West Virginia hospital to sue state for insufficient Medicaid payments

by Olga Deshchenko, DOTmed News Reporter | November 15, 2010
Appalachian Regional Healthcare Inc., plans sue the West Virginia Department of Health and Human Resources and its Bureau for Medical Services, the nonprofit health system announced last Thursday.

Inadequate Medicaid reimbursement rates are threatening the system's Beckley ARH Hospital's ability to keep its doors open, according to the release.

About 22 percent of the hospital's patients are Medicaid beneficiaries. In fiscal year 2009, BARH received $9.9 million for the $14.7 million it spent to treat Medicaid patients, according to the release.

Out of the total amount, $8.2 million came from federal funds. Of the $1.7 million West Virginia put in to match the federal funds, $1.4 million "essentially came from BARH itself through the Medicaid provider tax the hospital pays," according to the release.

The hospital said the state only contributed about $300,000 of its own funds for the hospital's 2009 Medicaid reimbursements.

"If the state had put in just $800,000 more, the federal government would have matched it with an additional $4 million," Rocco Massey, the hospital's CEO, said in prepared remarks. "That would have covered BARH's Medicaid deficit in fiscal year 2009."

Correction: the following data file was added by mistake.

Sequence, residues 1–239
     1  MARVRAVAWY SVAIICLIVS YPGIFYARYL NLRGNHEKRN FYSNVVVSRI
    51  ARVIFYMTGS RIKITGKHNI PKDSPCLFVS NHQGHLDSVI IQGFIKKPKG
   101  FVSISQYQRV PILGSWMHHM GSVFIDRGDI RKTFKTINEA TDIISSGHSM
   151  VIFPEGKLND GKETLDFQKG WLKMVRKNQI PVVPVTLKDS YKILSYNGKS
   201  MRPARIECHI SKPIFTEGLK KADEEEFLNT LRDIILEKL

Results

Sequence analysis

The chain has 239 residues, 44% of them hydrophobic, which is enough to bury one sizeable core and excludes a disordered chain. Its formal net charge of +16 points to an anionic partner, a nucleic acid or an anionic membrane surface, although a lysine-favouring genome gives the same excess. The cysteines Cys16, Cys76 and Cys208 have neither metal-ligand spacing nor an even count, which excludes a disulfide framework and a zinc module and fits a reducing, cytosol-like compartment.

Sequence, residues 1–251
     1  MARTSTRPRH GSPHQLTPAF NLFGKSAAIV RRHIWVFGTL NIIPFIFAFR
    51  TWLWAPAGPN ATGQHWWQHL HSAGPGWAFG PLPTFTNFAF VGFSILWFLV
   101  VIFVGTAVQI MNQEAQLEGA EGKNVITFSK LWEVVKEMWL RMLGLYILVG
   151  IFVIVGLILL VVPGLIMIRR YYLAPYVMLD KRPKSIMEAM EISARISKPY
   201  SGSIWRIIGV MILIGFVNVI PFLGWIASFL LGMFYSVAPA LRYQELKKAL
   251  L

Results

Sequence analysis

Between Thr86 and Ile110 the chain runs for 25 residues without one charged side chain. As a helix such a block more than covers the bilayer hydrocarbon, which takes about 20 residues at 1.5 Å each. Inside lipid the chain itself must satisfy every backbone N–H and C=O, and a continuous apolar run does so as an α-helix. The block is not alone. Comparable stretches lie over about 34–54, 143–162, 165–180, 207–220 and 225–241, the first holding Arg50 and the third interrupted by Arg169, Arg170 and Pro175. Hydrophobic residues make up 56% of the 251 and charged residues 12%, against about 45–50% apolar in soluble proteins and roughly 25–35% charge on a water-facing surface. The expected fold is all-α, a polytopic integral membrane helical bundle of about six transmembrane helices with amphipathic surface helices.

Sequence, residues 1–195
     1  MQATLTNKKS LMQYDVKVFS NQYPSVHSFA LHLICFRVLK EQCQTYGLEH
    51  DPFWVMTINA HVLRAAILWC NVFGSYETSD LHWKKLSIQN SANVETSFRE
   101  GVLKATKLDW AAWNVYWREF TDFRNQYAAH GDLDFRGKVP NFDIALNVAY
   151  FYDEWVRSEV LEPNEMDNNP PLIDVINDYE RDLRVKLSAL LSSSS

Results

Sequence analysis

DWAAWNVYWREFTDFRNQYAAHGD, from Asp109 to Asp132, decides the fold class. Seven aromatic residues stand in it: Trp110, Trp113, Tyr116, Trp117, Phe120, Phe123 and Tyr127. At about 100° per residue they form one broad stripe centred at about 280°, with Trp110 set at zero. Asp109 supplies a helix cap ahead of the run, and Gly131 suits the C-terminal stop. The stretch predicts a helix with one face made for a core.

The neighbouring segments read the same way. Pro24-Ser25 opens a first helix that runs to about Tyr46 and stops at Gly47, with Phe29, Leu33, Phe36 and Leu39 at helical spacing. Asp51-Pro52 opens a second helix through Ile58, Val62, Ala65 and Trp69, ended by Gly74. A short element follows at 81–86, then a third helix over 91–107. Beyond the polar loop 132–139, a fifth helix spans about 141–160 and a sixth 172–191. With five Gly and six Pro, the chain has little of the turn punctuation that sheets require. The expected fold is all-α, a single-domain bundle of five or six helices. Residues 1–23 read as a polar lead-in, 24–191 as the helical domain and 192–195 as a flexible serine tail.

The 173-bed facility serving patients of southern West Virginia isn't the first to issue its intent to sue the state. The hospital's decision follows the notice to sue West Virginia by the West Virginia Primary Care Association, which represents community health centers in the state. That group is suing for the same reason: inadequate Medicaid reimbursement.

"We do not take this step lightly but do it to protect our patients," Massey said. "Medicaid reimbursements have been covering only two-thirds of our costs for providing medical care, so BARH has been suffering a substantial financial loss. These Medicaid rates jeopardize BARH's continued ability to provide medical services to all of its patients."

According to state law, potential litigants must provide a 30-day notice of intent to sue to provide the state with enough time to settle the issue without litigation.

"The Bureau for Medical Services is required by statute to set Medicaid rates that are reasonable and adequate to meet costs incurred by efficiently and economically operated hospitals," Stephen Price, an attorney with Wyatt, Tarrant & Combs of Louisville, Ky., and counsel for the health care system, said in prepared remarks. "The bureau also is required to take into account the situation of hospitals that serve disproportionate numbers of low-income patients."